• High Street Methodist Church

Tips to help you reduce waste


About 3 years ago, my husband and I realized that we are generating way too much waste, which goes directly to the landfill, so from one day to another we decided that we are going to pay more attention on what we buy. At the beginning, we introduced only small changes: buying loose fruits and vegetables, making sure that we use the recycling system correctly. Then after finding small shops which offer plastic-free, bulk items, we decided to get rid of our general waste bin. I won’t lie, at the beginning it was still tempting to buy that cheesecake wrapped in all plastic or that premade pizza covered in all plastic, but we had a goal, and our mind decided to collaborate with us. Now, when we go to the supermarket, we just don’t understand why people buy a plastic bag of potatoes when the loose ones are just right next to it.

The following list should give you some easy and practical recommendations, which should help you to reduce waste even if you don’t leave in an area where you have the possibility to visit a zero-waste shop.


#1 Get rid of your general waste bin

This might sound a bit harsh, but believe us this will be the first step, which will teach you how not to think about products wrapped in single use plastic and also to find better alternatives to those things. Also, what we noticed over the time is that this actually saved us money, as we just didn’t reach for additional items we have been craving for before as they came with “extra” packaging.


#2 Have a look around the house

My family knows that I cook and bake almost everything in the oven, as it is much easier for me. The only problem I had with this in the past was baking paper. As soon as we decided to focus on the zero-waste living, I knew that I need to find an alternative as the greasy, oily paper can not be put into the recycling bin and unfortunately, we do not have a compost. So, I searched the internet and found reusable and perfectly washable non-stick baking tray liners. I applied this swapping trick to everything: paper kitchen towels changed to washable ones; paper napkins changed to fabric ones; harmful, chemical cleaning products changed to natural ones like vinegar, lemon, citric acid, green bleach, bicarbonate of soda; shampoo, body wash, liquid hand soap in plastic tubs changed to solid soap bars, etc.

We would suggest to check your general waste bin and analyze where all those wrappers are coming from, or even your recycling bin (as recycling should always be the last option), and try to find a reusable alternative to the wasteful items.


#3 Think before you throw anything away

Save the last plastic washing-up liquid bottle or the hand soap bottle with the pump and if you have a zero-waste shop nearby fill these up instead of sending them to recycling and buying some new plastic tubs.

The same goes for the food scraps. Use your old coffee grounds to make a revitalizing body scrub, to neutralize the odors in your fridge, to fertilize your plants; use the banana peel before you toss it into the compost or food bin by soaking it in water and then fertilizing your plants with this potassium rich liquid; regrow your vegetable “scraps”, our absolute favourite is spring onion, leak and parsley; use that squeezed lemon for cleaning, etc.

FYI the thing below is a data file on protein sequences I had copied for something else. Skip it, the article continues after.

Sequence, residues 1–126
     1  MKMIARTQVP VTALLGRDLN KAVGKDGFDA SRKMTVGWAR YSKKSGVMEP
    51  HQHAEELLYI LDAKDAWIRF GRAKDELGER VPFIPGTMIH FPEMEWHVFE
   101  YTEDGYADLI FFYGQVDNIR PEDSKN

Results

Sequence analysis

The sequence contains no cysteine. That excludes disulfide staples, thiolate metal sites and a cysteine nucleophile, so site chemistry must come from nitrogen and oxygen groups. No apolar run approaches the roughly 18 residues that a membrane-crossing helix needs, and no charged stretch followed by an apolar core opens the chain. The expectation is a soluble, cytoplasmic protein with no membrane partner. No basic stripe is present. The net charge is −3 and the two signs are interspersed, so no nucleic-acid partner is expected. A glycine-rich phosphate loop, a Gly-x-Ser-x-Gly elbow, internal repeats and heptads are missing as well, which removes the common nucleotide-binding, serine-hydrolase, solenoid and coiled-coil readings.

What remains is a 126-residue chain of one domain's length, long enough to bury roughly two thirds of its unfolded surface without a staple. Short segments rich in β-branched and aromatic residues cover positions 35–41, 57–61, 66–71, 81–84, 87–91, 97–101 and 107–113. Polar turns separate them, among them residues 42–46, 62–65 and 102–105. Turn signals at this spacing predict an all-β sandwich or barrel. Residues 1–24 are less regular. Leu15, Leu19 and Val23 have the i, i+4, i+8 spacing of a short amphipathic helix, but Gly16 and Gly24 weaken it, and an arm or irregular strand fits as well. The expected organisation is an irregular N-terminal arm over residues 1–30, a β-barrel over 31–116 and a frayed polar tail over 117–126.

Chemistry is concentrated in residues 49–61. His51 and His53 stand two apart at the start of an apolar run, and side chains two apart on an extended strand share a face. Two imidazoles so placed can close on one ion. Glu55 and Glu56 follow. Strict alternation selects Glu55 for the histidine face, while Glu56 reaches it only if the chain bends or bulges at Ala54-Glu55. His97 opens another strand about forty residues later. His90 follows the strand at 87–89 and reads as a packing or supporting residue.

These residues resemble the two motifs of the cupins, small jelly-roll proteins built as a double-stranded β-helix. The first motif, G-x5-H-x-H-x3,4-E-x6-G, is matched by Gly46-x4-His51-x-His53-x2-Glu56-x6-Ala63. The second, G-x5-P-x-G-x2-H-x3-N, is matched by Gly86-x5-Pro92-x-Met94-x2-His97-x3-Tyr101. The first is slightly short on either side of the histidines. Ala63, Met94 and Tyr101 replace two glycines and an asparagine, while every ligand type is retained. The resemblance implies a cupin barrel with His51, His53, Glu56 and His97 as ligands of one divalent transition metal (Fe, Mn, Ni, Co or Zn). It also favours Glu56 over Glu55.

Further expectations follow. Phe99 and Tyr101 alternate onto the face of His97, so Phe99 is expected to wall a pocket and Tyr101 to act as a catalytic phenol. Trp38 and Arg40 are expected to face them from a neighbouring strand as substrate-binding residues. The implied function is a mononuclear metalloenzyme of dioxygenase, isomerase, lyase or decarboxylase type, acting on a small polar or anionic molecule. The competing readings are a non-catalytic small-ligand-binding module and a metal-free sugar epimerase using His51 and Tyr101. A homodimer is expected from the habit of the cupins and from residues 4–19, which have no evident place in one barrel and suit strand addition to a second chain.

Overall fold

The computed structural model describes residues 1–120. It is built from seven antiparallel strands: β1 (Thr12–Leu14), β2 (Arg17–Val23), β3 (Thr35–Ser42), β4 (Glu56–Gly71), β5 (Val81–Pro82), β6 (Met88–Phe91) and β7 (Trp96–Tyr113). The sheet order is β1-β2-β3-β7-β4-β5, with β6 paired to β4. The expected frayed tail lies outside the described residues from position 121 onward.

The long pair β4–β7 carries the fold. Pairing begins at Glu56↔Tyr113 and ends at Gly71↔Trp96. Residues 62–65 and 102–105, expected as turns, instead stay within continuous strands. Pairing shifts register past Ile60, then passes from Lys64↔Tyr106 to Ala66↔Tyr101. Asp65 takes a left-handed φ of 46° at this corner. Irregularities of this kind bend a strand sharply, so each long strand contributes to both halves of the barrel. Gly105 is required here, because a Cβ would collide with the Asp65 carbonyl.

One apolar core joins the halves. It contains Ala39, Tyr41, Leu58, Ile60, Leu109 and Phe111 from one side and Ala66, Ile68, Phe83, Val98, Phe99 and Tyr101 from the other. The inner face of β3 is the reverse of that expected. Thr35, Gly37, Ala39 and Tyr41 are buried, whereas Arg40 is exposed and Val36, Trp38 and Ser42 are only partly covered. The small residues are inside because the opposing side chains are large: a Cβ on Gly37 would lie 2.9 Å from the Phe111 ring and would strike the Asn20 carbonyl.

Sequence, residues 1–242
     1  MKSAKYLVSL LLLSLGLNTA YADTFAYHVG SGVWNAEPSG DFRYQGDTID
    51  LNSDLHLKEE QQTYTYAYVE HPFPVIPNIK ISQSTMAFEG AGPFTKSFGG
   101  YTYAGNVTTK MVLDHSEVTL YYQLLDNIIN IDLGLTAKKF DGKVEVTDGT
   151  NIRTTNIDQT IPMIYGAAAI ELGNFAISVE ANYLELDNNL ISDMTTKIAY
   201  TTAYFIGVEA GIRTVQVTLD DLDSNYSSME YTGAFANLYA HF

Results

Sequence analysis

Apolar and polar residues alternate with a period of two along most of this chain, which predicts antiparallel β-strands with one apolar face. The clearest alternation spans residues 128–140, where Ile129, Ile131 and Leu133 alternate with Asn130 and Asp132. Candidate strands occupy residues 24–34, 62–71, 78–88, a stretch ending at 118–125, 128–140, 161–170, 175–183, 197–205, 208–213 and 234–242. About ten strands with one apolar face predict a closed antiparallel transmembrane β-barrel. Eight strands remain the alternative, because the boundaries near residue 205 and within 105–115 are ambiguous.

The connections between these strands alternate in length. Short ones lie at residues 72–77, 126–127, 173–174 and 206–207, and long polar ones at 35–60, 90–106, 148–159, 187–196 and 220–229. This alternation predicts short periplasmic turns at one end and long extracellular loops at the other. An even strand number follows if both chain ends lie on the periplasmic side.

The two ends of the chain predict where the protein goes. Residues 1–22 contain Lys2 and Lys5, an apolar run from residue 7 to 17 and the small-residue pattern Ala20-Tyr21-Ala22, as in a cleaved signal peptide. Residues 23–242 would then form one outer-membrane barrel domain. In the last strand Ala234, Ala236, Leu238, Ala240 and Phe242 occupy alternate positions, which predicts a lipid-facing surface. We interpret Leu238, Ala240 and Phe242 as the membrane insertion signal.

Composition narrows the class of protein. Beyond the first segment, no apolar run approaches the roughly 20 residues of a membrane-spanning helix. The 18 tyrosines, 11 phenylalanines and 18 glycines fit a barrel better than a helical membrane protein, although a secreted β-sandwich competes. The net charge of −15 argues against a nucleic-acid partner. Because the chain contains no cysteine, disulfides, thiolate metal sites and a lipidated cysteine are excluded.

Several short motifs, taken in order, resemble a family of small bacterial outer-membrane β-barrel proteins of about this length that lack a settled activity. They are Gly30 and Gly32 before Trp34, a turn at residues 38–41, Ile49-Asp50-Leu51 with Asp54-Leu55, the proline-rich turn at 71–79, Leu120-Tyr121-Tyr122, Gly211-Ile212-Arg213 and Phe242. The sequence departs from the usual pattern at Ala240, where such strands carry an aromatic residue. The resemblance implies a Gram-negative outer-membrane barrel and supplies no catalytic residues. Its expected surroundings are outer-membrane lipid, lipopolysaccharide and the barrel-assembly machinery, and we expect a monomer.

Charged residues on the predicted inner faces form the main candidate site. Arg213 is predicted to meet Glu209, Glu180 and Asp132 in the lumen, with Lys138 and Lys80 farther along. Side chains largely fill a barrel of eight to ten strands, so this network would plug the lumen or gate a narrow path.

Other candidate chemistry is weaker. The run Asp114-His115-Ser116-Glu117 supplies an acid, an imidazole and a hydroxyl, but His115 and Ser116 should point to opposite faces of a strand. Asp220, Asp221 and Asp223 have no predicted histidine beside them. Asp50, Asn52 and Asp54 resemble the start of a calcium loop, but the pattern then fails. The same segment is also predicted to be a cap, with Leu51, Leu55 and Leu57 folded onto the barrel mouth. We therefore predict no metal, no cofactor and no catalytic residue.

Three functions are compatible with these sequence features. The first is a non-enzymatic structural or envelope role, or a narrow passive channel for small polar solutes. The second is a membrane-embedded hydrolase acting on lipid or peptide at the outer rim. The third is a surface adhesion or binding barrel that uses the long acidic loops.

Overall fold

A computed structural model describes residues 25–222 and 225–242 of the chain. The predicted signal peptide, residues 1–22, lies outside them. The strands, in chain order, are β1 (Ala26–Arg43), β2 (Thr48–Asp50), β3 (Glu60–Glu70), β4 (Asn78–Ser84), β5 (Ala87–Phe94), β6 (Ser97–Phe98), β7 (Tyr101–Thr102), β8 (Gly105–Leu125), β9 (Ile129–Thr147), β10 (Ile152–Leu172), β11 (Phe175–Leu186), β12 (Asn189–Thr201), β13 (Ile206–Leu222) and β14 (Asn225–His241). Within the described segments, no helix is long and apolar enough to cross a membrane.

Yes, you can use the left-over lemon from yesterday’s tequila night to clean your kitchen and bathroom, but what should you do with it after cleaning? Definitely not to throw into the general waste bin. Unfortunately, food waste decomposing in landfills releases methane, while composted food can be used as a fertilizer improving soil health. The easiest option is to use your food bin because your council can recycle your food scraps into good quality soil fertilizer or even generate electricity depending on the area where you live. The best option is (if you can) to set up a compost, worm farm or a bokashi system for your food scraps.


#4 Plan ahead

It doesn’t matter if you shop in a supermarket or in a small, independent shop, either zero-waste or not, it is really important to plan ahead. First of all, never leave the house for shopping if you are hungry! You will end up buying too much food which somehow will end up in the bin. Secondly, prepare your tubs, reusable bags or anything which is clean and can hold food. Again, if you can always support small businesses, but you can make huge changes even if you shop in a supermarket. Don’t buy packaged apples, potatoes, tomatoes, when you have their loose siblings next to them (and sometimes those are more delicious as well). We know those potatoes are so dirty or you just really don’t have time to pick 6 good looking apples from that huge pile, while you can just grab a bag and job done. But bear in mind that it is absolutely worth it, and you can also pick your own fruits and vegetables, instead of accepting what they are offering within a bag. Most of the deli section accept your own tubs, so you can buy fresh fish with no packaging, only 3 slices of ham with no packaging, those delicious sausage rolls with no packaging, etc. Therefore, not only that you will buy plastic free, but you will buy the needed amount which will not expire and won’t end up in the bin.


#5 Be an example

All my colleagues at work know that I am into zero-waste living and not just because I own a business. I am the one who always reminds them that they shouldn’t put the crisp packet into the recycling bin or I always collect recyclable or reusable tubs or packaging after lunch. Yes, I literally bring rubbish home and deal with it in an appropriate way if I know that otherwise it would end up in the landfill. For some people this is funny and embarrassing, but with time the people around you will implement a couple of good changes in their lives.


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